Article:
When I was younger, I always looked out for the “Welcome to X, Please Drive Slowly” signs. I found them mesmerising; not because I enjoyed knowing where I was as we crossed town borders and city lines in my parents’ car, but rather for where we were not.

Often under the message to watch your speed, as well as notifying you of what council you were entering, you were also presented with what to my child eyes seemed like completely made up places. Twinned towns, they called them, or sister cities. It was a captivating concept for an eight-year-old; that somewhere else in the world was another town that was somehow related to the one I was in.

The first “Welcome to” sign that caught my eye didn’t even allude to a twinning. It was Hamble-le-Rice, to the east of Southampton. The hyphens and the ‘le’ made it look very foreign to me, and as we drove through the surrounding towns, I began noticing the names of other places alongside little flags, under the actual place name. Botley is twinned with Saint-Jean-Brévelay, France, Eastleigh with Villeneuve-Saint-Georges, France, and Hedge End, where I played my football as a kid, has a sister city in Belgium called Comines-Warneton.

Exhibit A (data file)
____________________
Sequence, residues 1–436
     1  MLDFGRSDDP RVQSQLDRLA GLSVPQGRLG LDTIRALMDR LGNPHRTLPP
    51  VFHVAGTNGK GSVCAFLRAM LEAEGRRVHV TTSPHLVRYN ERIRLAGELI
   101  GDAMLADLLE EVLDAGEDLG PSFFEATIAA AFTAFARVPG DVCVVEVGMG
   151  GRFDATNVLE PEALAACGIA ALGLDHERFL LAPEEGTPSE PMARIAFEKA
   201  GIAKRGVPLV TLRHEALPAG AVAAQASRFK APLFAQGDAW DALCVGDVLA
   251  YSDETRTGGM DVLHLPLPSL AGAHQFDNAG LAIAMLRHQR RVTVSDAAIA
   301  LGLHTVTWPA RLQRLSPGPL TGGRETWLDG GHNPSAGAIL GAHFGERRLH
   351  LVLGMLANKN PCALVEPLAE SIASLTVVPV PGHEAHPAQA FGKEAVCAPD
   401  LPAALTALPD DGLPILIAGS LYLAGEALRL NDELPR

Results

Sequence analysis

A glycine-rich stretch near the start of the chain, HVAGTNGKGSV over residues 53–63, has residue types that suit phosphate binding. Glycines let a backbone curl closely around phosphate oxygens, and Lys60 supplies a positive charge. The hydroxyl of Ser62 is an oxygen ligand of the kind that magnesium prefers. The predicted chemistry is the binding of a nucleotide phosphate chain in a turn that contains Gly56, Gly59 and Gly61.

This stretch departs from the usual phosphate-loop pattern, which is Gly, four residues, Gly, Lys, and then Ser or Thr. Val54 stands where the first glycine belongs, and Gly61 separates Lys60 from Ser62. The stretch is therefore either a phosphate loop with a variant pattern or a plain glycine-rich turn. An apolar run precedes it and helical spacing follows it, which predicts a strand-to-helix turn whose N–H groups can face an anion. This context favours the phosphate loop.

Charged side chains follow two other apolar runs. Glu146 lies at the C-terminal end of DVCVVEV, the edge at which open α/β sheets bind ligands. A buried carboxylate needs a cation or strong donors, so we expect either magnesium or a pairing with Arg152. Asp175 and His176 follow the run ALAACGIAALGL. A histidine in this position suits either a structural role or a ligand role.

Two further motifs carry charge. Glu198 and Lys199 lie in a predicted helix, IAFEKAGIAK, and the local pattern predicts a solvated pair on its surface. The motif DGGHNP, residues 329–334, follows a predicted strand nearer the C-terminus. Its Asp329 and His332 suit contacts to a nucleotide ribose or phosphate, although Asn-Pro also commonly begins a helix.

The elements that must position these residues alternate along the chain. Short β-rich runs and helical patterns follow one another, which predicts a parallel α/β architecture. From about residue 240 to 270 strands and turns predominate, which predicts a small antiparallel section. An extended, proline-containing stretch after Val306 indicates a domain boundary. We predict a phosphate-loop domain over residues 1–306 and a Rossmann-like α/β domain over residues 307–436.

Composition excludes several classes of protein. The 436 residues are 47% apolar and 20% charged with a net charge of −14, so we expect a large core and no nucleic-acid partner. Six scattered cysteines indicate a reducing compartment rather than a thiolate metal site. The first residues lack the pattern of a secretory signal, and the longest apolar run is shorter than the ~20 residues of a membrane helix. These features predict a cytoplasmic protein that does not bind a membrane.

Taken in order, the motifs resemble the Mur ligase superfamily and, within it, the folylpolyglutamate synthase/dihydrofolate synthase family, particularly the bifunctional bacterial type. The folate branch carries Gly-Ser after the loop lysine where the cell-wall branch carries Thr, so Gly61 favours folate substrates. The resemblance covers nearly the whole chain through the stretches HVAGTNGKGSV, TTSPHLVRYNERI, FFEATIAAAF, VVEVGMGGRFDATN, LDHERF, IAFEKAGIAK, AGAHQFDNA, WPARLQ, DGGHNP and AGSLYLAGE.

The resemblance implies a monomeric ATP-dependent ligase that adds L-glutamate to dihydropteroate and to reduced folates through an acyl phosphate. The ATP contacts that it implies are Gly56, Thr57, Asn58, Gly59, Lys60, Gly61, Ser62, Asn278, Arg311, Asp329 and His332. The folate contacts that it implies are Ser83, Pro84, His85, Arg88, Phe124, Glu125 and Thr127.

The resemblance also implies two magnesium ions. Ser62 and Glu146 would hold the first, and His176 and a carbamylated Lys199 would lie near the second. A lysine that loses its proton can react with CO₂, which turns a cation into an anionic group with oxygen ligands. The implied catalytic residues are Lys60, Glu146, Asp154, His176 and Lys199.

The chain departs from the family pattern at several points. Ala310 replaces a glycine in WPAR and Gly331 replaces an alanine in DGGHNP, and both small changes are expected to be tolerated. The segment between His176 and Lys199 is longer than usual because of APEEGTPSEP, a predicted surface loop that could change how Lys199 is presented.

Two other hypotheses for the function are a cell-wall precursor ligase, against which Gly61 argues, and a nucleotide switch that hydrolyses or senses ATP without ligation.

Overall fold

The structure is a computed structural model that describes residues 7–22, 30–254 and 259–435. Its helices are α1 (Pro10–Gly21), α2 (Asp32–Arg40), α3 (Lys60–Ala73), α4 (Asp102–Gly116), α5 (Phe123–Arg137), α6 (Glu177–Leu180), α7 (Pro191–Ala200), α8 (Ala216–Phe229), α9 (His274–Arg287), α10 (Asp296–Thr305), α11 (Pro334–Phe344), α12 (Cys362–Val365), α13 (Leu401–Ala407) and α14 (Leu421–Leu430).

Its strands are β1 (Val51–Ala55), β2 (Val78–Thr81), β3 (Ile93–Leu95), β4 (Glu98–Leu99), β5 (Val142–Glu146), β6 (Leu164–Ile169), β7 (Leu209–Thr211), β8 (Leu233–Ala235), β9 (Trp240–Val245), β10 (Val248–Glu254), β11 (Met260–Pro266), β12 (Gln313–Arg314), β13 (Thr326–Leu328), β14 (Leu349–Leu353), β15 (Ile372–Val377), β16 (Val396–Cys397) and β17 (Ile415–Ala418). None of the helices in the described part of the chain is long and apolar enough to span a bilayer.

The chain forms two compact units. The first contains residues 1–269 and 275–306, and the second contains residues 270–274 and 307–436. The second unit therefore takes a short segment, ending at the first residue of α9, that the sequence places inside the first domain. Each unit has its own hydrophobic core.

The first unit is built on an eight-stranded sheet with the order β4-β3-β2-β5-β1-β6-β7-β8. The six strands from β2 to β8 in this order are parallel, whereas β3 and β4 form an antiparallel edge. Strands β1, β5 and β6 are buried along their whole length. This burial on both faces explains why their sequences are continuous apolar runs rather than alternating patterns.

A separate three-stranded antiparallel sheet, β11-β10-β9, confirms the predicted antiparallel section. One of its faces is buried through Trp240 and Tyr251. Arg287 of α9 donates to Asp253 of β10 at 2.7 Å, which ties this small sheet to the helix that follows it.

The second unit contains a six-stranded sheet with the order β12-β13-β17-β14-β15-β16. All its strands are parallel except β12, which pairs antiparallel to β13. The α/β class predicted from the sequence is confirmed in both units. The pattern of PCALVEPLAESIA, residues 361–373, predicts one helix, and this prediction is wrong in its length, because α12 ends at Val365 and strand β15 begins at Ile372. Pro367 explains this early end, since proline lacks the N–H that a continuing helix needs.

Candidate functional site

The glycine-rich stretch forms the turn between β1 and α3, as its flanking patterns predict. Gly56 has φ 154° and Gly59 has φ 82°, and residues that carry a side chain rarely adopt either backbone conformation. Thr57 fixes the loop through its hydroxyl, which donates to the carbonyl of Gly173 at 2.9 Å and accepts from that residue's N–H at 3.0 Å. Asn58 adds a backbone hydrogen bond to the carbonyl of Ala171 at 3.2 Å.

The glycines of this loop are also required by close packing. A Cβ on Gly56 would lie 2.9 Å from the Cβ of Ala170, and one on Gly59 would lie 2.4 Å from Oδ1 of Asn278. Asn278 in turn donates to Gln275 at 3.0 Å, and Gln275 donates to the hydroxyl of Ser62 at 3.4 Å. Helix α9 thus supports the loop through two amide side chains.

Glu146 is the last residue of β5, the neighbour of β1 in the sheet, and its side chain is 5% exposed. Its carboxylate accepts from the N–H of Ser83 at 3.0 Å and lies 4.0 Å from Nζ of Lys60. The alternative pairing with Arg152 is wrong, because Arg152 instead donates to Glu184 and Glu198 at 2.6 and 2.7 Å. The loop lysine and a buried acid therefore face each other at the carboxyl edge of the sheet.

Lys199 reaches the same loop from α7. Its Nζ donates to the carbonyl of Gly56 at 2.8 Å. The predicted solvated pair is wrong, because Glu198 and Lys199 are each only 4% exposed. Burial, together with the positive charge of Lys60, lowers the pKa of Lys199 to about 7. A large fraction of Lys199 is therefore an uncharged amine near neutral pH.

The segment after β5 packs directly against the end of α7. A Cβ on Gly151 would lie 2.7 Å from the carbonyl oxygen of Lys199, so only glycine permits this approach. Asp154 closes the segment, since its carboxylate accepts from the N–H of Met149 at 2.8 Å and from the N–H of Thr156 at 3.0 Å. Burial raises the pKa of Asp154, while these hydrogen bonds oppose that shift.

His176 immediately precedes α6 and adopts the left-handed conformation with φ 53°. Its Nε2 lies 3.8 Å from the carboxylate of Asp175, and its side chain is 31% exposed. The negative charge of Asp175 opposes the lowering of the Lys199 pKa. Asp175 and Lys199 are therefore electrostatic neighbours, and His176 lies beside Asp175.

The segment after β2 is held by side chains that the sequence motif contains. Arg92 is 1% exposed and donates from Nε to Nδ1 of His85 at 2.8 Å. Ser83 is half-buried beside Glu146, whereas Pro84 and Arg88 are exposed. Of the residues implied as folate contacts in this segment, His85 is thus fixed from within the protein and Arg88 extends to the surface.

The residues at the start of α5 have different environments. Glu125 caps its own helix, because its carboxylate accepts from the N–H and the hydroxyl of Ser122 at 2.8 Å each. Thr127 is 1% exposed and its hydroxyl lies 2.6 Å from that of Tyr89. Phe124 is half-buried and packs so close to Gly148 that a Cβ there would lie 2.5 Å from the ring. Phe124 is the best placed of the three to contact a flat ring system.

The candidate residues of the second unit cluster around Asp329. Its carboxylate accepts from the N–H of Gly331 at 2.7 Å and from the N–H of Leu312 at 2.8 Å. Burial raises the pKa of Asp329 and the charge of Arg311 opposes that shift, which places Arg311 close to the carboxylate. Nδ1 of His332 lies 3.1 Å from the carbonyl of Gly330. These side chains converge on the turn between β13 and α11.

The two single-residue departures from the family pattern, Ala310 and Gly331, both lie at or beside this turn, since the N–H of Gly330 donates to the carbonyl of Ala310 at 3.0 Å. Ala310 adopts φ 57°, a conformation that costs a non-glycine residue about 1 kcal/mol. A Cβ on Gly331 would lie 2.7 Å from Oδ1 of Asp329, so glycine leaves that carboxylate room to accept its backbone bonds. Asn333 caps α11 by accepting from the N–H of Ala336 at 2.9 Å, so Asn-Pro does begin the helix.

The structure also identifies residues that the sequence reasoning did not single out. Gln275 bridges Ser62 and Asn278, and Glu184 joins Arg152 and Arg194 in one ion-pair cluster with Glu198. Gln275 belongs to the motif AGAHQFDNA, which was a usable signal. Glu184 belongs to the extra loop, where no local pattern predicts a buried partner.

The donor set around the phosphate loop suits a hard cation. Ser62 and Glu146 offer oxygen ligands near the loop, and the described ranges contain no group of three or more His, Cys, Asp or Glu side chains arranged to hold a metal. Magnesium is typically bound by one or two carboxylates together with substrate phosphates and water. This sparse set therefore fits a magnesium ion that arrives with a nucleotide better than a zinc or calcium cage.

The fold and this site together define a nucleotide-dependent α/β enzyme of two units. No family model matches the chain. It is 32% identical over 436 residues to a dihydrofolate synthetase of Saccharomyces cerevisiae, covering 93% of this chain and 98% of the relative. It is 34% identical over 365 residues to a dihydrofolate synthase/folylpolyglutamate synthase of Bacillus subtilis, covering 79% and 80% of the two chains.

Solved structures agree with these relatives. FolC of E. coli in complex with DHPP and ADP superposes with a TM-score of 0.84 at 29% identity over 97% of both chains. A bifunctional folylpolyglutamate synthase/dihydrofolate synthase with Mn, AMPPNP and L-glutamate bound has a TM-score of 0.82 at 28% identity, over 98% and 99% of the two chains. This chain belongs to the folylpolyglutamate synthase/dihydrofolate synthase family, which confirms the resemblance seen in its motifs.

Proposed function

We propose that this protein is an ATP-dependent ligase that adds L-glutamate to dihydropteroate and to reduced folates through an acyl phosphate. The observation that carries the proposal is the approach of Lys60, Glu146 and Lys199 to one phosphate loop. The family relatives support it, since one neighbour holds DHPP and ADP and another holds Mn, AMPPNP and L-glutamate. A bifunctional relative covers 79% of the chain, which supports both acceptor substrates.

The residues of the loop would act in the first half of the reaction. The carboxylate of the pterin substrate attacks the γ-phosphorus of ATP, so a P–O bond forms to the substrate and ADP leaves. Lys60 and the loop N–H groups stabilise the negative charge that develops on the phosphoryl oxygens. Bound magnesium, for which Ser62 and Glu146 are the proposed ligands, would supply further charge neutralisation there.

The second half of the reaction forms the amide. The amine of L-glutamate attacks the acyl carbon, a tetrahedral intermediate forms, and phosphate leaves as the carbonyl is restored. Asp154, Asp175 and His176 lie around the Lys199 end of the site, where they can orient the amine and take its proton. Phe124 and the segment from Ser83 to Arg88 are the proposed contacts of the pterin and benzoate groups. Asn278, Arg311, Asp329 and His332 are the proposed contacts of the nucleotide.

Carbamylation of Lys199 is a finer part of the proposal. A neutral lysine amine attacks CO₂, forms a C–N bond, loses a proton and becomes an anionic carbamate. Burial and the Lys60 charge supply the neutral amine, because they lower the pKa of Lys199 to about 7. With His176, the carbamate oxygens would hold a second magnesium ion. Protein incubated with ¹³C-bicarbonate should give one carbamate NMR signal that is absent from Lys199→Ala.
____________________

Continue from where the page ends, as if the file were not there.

Supposedly based on legal or social agreements between towns or cities to promote cultural and commercial ties, who knows what half of these places actually offer each other. Comines-Warneton stood out by simply not being in France – even Southampton as a whole has a French fraternity with Le Havre.

Comines-Warneton is a Belgian city in the French community of the country and although at the last census it had a population of just under 17,500, it has managed to bag itself another two sister cities alongside Hedge End: Argenton-les-Vallées in France and Wolverton in the United Kingdom – or to be more precise, in Milton Keynes.

The trend for twinned status began towards the end of World War Two and was started by Coventry, who partnered with Stalingrad (now Volgograd) in an act of solidarity from one war-town city to another. We’ve come a long way since then, and Coventry’s rather impressive and infidelity-ridden list of 26 partners – a record – makes Comines-Warneton’s foursome seem tame.

In 2006, Wolverton twinned with Comines-Warneton – later the village of Ploegsteert – thanks to a growing bond the two shared over a First World War soldier from the English town, who was buried at Hyde Park Corner Cemetery in the Belgian city.

Albert French was born on 22 June 1899 in New Bradwell, Buckinghamshire (now part of Milton Keynes) and grew up at 60 Young Street, Wolverton, with his father Edward, his aunt Jane, his sister May, and his two brothers, William and George. Albert’s mother, Mary Mortlock, had passed away sometime between 1905 and 1911, and thus it was his aunty who acted as the housekeeper.